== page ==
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Black History Month: Culinary historian explores cultural ties
By Jason Lesley
Jessica Harris has many vocations: cookbook author, magazine writer, historian, English professor. Best of all, she enjoys being a detective who follows the trail of foods — “connecting the dots,” she says, as they made their way around the world. Her 12th cookbook, “High on the Hog: A Culinary Journey from Africa to America,” is an International Association of Culinary Professionals prize winner.
She was guest speaker Saturday at Brookgreen Gardens during its continuing program on Gullah-Geechee culture. The title of her presentation was “Carolina’s Gold” as opposed to the next presentation March 15 titled “Carolina Gold” by Dr. Louis Nelson of the University of Virginia. The apostrophe, Harris said, indicates her focus on the people who cultivated rice. “The gold of Carolina was the rice, certainly,” she said, “but, more importantly, I contend, the gold was the people. We spend scant time discussing upon whose backs fortunes were made. We should always give agency to the people who created this extraordinary culture that grew up on both sides of the Atlantic. By agency, I mean let us celebrate the genius of the people who created a mirror of their West African world in American exile under conditions that remain incomprehensible.”
A rather small percentage of the 145,000 people captured in Africa and enslaved between 1668 and 1829 actually came through Charleston to the Carolinas, Harris said. About 10,000 were sold on the auction blocks there, with 5,700 more sent to the Gulf Coast, entering through New Orleans and Mobile, Ala. Thousands more went to Haiti and Brazil, she said, and those regions remain connected through rice and the techniques brought from the upper Guinea coast.
“The Africans who brought the rice culture to the Carolina Lowcountry trace their culture to Sierra Leone,” Harris said. “Rice requires a certain temperature, a little warmth. That temperature, in its own way, created a culture. Rice growing involves a team effort. You don’t grow it by yourself, for yourself. You grow it with others in the community so that team effort is something that marks rice-growing cultures and rice-growing people in ways that the culture of corn or the culture of potatoes does not require.”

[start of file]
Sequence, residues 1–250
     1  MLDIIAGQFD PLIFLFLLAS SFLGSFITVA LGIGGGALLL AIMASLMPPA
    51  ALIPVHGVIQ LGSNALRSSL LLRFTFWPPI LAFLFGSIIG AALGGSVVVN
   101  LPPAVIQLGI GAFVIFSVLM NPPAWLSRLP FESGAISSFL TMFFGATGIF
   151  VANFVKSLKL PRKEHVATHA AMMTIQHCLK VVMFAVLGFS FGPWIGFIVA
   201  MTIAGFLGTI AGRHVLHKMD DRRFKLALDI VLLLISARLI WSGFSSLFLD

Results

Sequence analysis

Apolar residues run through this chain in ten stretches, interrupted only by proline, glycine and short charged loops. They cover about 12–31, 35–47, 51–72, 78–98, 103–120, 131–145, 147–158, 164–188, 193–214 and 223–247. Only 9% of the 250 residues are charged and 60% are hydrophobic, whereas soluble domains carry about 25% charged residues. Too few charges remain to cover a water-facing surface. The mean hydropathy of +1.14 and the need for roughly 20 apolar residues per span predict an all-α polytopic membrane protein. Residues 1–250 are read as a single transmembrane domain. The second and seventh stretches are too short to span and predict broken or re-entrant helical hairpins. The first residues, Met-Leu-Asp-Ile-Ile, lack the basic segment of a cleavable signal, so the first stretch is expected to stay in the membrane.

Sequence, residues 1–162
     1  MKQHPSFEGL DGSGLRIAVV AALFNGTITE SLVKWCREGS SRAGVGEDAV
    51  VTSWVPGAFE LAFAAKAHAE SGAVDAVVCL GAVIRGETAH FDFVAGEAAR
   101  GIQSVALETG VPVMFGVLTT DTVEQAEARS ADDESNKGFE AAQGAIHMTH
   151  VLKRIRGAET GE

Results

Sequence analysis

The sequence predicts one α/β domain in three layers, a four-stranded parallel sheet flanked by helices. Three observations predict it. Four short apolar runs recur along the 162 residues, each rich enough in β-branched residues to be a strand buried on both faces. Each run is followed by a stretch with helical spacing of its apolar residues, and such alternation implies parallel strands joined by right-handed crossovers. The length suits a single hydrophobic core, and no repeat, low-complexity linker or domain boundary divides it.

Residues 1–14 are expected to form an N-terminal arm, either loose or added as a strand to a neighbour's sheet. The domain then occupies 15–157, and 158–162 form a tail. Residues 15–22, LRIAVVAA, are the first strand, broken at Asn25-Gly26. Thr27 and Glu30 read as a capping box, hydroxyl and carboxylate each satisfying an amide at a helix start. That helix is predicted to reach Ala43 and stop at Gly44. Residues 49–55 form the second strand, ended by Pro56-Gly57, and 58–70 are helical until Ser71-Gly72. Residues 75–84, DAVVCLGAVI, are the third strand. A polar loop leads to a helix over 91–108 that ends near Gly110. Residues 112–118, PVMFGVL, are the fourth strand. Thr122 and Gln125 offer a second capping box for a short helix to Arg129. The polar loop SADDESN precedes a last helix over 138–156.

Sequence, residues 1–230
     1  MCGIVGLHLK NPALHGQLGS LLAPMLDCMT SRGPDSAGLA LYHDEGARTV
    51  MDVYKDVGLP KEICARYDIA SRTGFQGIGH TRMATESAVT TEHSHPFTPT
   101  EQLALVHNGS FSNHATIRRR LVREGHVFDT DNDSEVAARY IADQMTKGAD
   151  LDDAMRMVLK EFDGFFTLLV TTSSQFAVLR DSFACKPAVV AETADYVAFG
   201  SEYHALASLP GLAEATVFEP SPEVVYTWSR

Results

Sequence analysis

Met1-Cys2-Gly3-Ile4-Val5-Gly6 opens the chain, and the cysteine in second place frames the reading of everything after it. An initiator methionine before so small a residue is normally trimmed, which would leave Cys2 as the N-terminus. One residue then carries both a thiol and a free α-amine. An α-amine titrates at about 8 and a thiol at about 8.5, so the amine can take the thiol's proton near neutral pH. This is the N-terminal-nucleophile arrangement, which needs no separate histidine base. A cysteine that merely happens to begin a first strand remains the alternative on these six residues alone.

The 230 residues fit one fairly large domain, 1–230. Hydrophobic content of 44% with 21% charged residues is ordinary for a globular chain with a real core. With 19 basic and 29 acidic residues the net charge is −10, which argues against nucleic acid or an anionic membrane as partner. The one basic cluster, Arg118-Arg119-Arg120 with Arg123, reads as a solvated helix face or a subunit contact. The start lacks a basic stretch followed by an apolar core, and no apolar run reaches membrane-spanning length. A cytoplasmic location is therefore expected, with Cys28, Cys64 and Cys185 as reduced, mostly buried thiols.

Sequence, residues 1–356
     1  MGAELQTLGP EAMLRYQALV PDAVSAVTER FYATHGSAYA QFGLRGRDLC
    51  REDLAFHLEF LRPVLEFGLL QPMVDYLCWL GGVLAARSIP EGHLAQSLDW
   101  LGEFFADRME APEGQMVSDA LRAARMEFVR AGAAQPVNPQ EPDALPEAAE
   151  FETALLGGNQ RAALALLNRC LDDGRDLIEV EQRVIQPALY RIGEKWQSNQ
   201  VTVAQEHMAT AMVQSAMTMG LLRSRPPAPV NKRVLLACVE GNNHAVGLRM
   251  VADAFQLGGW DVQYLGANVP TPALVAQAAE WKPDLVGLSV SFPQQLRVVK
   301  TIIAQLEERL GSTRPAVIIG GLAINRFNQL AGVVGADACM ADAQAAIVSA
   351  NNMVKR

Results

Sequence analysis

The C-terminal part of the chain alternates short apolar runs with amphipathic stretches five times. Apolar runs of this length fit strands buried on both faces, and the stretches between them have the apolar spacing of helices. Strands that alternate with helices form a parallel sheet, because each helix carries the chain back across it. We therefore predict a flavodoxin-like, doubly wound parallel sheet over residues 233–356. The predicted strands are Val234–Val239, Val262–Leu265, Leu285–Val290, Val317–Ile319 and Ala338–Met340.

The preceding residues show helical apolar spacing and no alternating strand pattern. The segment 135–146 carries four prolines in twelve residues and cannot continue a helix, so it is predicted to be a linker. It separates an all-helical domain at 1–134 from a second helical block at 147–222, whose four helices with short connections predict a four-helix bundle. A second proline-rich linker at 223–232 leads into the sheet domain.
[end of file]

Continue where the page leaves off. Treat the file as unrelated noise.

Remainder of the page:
Lowcountry planters, Harris said, knew more about the agriculture, history and botany of western Africa than most African-Americans do today. “They knew who they wanted, why they wanted them and where to get them,” she said. “That’s why you see those posters in museums today saying, ‘Freshly arrived from the Guinea Coast, slaves with rice planting knowledge.’ They knew exactly what those Africans knew.”
The rice planters brought their knowledge of food from their native lands. “Once they got here,” Harris said, “they were cooking for the Big House and transformed the palates of their white owners.
That’s why so many of those West African dishes turned up in the Lowcountry and became part of the general food of the region.”
She said the preparation of collards is one example of the “Africanization” of food in the South. While collards are not African, they were cooked in a well-seasoned, vitamin-enriched “pot likker” providing a distinctive taste. African cooks influenced an area that had shellfish and rice, stretching from the South Carolina Lowcountry all the way to the Texas Gulf Coast. “The diet,” she said, “is very similar in many ways to the diet on the other side of the Atlantic.”
Harris had what she called a “culinary epiphany” when she and a number of language scholars were dining in Charleston for the first time and encountered red rice. “All four of us had spent time in Senegal,” she said, “and when the red rice came out the four of us looked down, looked up and in unison said ‘Chebugen,’ the national dish of Senegal.”
The red rice of Charleston was colored by tomatoes, a fruit native to America, Harris said. In Senegal, the reddish tint comes from palm oil. Chebugen crossed the Atlantic and became two different dishes. In the Lowcountry it’s red rice; in New Orleans it’s jambalaya.
“Studying the food history of Africa is not simple research,” Harris said. “There are no books, no journals, no recipes written down by great-great-grandmother. African-Americans were not allowed to write. The food memory is a bank of flavors and a willingness to make use of things and find the fleeting taste memory.”
A second dish bound to the coast of South Carolina is black-eyed peas and rice. Slaves were given the cracked rice because it was not suitable for sale, Harris said. The broken grain was called “middlin” and, ironically, it is preferred in Senegal because it holds the sauce. She said much of African food can be described as a soupy stew over starch.
The combination of rice and corn is found in many transplanted African recipes — corn was another crop discovered in America. The fritter came from African cooking methods. “African recipes are labor intensive,” Harris said. “The enslaved did not have money or the best ingredients, but they had many hands so things could be labor intensive. One recipe said soak black-eyed peas, skin the peas and pound them into a paste to make a fritter. Drop the batter into red palm oil and you get something with an almost a bready consistency.”
The fritter is the common denominator that links African countries with the places their people were taken. The rice fritter of Liberia, Harris said, is the same one that’s sold today in New Orleans.